“The Baby Store” may at first seem out of place in an anthology of stories focused on crime and mystery, but Ed Gorman’s offbeat tale of a competitive future in which prospective parents can literally design their children ultimately deals with crime on a personal and, some readers will probably believe, a societal scale.

In Libby Fischer Hellmann’s “The Jade Elephant,” a professional burglar’s conscience is piqued after he gets some good news from a doctor but learns that one of his former marks has a serious medical problem. Wanting to make amends, he must contend with a partner who is a great deal less sensitive to the needs of others, and with a very determined fence.

Maternal and murderous instincts drive the protagonist in Vicki Hendricks’ raw, explicit, and ironic “The Big O”--a woman seeking a perverse kind of redemption for the sake of her year-old son, who must contend with his abusive father from whom she’s fled, the drug-dealing abusive lover she accepts solely to have a place to live, and a hurricane that’s both literal and symbolic.  

Depicting the lingering anti-Japanese sentiment that permeated southern California in 1951, Naomi Hirahara’s “The Chirashi Covenant” tells the story of a Japanese-American woman who longs to sell the house she shares with her husband, daughter, and mother-in-law in a Japanese enclave , and find a new home closer to the ocean. Her quest leads to infidelity, tragedy, and revenge.

The narrator of Paul Levine‘s “El Valiente En El Infierno (The Brave One in Hell)” is Victor Castillo, a thirteen-year-old Mexican boy who, along with others--among them a pregnant Honduran girl--is attempting a midnight border crossing into California. He wants to get to his Aunt Luisa in Ocotillo. She’ll help him get to Minnesota so he can join his father and older brothers. A couple of vigilantes from the Patriot Patrol have other ideas.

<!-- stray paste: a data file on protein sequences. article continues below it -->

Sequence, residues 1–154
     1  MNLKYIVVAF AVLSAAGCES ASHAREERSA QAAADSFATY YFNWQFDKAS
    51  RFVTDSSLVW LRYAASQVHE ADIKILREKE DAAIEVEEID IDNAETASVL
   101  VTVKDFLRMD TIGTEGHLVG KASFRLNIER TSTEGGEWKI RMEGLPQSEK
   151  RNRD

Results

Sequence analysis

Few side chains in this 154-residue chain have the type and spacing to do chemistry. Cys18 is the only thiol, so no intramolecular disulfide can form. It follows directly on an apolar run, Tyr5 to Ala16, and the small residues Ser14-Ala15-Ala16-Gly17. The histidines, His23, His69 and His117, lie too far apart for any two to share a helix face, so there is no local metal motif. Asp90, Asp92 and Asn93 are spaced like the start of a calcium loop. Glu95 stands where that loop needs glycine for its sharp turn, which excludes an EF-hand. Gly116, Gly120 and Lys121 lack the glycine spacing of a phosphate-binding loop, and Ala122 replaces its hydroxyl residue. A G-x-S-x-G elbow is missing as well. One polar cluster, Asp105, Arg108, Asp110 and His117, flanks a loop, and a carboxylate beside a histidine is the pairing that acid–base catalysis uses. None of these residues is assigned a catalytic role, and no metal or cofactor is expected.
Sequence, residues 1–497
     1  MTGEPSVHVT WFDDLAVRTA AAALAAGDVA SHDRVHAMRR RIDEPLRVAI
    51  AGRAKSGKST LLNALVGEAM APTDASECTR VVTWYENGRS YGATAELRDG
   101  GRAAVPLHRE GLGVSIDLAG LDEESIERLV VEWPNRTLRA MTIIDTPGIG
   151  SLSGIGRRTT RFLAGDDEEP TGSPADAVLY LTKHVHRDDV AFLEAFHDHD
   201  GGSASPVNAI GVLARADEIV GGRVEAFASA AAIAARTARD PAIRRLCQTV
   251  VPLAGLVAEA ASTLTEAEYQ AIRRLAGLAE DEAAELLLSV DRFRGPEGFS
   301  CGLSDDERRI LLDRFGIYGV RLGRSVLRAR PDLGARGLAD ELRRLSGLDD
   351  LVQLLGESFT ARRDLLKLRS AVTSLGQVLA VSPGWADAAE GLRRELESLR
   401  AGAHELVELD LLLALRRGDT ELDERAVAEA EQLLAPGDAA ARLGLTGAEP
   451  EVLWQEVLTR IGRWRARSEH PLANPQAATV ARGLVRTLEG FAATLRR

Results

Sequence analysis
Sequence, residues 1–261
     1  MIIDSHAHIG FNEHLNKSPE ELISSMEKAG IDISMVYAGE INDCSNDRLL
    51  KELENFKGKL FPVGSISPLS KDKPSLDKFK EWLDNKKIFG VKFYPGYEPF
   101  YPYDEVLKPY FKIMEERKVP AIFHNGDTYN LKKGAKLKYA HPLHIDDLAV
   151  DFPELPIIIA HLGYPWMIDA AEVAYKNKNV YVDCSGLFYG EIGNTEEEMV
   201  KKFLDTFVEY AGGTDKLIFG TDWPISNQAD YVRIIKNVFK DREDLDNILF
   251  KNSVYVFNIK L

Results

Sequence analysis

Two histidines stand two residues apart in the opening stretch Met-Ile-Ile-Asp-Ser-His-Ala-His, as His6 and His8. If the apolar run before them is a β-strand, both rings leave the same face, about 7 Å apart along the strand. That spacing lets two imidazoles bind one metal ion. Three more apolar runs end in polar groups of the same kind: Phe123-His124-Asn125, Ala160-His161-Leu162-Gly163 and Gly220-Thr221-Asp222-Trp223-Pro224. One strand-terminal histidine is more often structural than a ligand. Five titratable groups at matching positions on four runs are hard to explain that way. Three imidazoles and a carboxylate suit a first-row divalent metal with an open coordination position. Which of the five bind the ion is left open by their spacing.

Another story that takes place in the desert, this one in Nevada, is Harry Shannon’s tense and memorable “A Handful of Dust,” in which a hit man named Pike meets and confers with a bizarre prospective client who has an even more bizarre request.

Because of his partner’s ineptitude, a thief must bid on a painting from an auction house because its frame conceals the key to a storage locker containing three hundred thousand dollars he and the partner stole. In Dave Zeltserman’s fast-paced “The Canary,” the problem is that someone else is bidding, too.

“The Chase” is the thirteenth and final story in the anthology. It’s a round-robin effort, as explained in a prefatory note: “Each member wrote 250 words and sent it on to the next until it had gone around twice. No planning, re-writing or polishing allowed.” For this reason it’s the weakest story of the lot--but saying so is akin to fruitlessly debating who’s stronger, Superman or the Hulk. Whatever “The Chase” lacks in comparison with the individually written tales that precede it, it makes up for in nearly non-stop action. Like its predecessors, it will hook and hold readers.

If the authors represented in Top Suspense are among the kings and queens of their genre, these stories are jewels for their respective crowns. Highly recommended.